ECDS helps extend reach of Emory-based sickle cell website

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Anyone who looks online to learn about a health condition knows the feeling: Wouldn’t it be great to skip the angst and go straight to high-quality information from experts for non-experts? Now the millions of people affected by sickle cell anemia can readily find a host of reliable sources on an Emory-based website newly redesigned to combine health- and humanities-based content.

The Sickle Cell Information Center website, begun in 1997, has been thoroughly updated in collaboration with the Emory Center for Digital Scholarship (ECDS) to incorporate stories, history, art and social media along with news and research updates, providing broader context about the condition which can affect the quality and length of a person’s life.

A team of health care experts worked on the iterative redesign project, including:

  • James Eckman, MD: The site’s cofounder, now professor emeritus with the School of Medicine’s Department of Hematology and Medical Oncology, Eckman long served as medical director for Georgia Comprehensive Sickle Cell Center at Grady Health System.
  • Mary E. Frederickson, PhD: A visiting professor with Rollins School of Public Health and with Emory College of Arts and Sciences, Frederickson researches and teaches about the social impact of disease and contributes to the ECDS-based journal Southern Spaces.
  • Clinton H. Joiner, MD, PhD: Recruited to the School of Medicine’s Department of Pediatrics in 2012, Joiner serves as Director of Hematology at Aflac Cancer and Blood Disorders Center at Children’s Healthcare of Atlanta.
  • Allan Platt, PA-C, MMSc: The site’s cofounder who currently works as admissions director with the School of Medicine’s Physician Assistant program, Platt served for two decades with the Georgia Comprehensive Sickle Cell Center at Grady Health System.

“The site’s main focus is to make patients more educated about their disease,” Platt says. “Our job is to share information that is credible, accessible and free.”

The project team set out to broaden the site’s reach by diversifying its content, and online visitors can now browse the site to find:

  • A range of resources tailored for audiences including patients and families, health care providers, teachers and students, blood banks and donors, and employers
  • PubMed research sources
  • Patient narratives
  • Stories, art and music
  • Historical perspectives
  • Lists of related organizations and activist groups
  • Newsletters
  • An Instagram feed

“Our challenge was to integrate medical humanities material,” says Frederickson. “We wrote about the social history of the disease, included artwork and narratives from sickle cell patients, and brought together primary sources.”

In addition to automatically updated content, the site redesign plan calls for regular additions of original content. Frederickson and Joiner, who also share a devotion to the project as husband and wife, will be working with Emory pediatrics Assistant Professor Tamara New to add several dozen clinical recommendations written by fellow faculty members to the site.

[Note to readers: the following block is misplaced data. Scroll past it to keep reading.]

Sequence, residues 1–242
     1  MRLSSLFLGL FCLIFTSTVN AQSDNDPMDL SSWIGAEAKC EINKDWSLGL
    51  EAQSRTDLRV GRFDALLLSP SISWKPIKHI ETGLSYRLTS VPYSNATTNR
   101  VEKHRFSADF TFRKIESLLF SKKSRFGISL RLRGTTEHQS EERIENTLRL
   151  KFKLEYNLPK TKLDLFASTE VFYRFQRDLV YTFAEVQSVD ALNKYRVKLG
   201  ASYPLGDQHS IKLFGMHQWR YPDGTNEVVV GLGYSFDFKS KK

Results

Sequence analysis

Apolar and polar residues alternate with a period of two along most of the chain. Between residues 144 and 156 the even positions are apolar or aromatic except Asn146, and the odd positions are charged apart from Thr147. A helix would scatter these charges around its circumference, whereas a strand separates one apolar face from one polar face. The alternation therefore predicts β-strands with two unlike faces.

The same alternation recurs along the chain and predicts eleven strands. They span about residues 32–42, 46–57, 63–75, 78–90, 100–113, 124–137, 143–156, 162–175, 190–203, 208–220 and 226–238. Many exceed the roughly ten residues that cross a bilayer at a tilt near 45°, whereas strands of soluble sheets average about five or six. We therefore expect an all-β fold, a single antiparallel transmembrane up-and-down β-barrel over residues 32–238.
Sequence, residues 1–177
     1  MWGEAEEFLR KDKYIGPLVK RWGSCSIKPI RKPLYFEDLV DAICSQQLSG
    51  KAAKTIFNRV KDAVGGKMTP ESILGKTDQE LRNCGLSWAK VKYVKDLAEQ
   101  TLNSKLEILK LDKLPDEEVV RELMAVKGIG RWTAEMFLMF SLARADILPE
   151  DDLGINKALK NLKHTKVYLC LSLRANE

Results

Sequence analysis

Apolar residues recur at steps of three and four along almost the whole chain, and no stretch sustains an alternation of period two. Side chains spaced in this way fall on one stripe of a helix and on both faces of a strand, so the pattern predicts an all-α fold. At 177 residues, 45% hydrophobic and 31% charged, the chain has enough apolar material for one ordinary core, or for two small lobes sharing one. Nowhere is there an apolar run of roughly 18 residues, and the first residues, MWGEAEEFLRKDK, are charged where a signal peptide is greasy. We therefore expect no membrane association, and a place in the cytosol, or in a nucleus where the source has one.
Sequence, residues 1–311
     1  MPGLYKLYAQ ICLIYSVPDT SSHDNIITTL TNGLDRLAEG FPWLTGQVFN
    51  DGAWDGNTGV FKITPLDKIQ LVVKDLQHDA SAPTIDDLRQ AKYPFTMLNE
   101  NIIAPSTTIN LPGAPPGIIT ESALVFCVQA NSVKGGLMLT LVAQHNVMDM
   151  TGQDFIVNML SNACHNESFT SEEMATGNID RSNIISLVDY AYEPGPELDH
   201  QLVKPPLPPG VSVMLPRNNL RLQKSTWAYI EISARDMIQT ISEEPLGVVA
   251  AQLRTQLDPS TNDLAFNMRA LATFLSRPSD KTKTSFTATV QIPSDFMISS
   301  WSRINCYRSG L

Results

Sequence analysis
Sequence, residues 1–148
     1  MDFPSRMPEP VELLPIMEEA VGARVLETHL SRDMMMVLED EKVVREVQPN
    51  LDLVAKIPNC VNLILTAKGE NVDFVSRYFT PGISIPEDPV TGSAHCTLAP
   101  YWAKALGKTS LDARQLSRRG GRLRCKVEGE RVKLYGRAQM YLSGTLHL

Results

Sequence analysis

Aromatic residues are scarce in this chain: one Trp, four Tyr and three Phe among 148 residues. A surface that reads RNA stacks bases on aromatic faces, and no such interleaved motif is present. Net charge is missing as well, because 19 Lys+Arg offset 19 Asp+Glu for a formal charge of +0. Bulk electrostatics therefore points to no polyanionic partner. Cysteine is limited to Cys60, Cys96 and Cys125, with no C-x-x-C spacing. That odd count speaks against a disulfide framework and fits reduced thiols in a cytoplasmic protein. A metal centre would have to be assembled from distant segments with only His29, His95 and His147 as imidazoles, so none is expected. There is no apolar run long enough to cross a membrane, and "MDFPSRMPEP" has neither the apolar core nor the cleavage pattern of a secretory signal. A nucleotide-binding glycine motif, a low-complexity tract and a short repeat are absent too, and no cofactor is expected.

The redesign adheres to the original site’s look and feel, including the logo, in order to offer visual continuity to site visitors, says ECDS Co-Director Allen Tullos. And with so many people diagnosed with sickle cell anemia living in countries with varied online access, the site retains a streamlined approach to content.

With one of the nation’s larger populations of sickle cell patients in Atlanta, the site finds a natural home at Emory. Members of its advisory board work with community partners including Georgia Comprehensive Sickle Cell Center at Grady Health System and the AFLAC Cancer and Blood Disorders Center at Children’s Healthcare of Atlanta.

“We regularly encourage our patients and families to refer to the website when they need up-to-date, accurate information,” says Peter Lane, an Emory pediatrics professor working at CHOA’s AFLAC Center. And the website works in tandem with other patient education outreach initiatives such as the annual Sickle Cell Education Day, Joiner notes.

The project marked the first time the sickle cell site team had worked with ECDS, which welcomed the opportunity to extend its outreach to support health sciences colleagues at the School of Medicine and Rollins School of Public Health, Tullos says. ECDS worked with the site team to update the site using its platform for websites, then migrated it to an external cloud-based system for the site team to manage ongoing maintenance.

The redesign project received funding support from the Faculty Council’s University Research Committee, Andrew W. Mellon Foundation, and Aflac Cancer and Blood Disorders Center at Children’s Healthcare of Atlanta.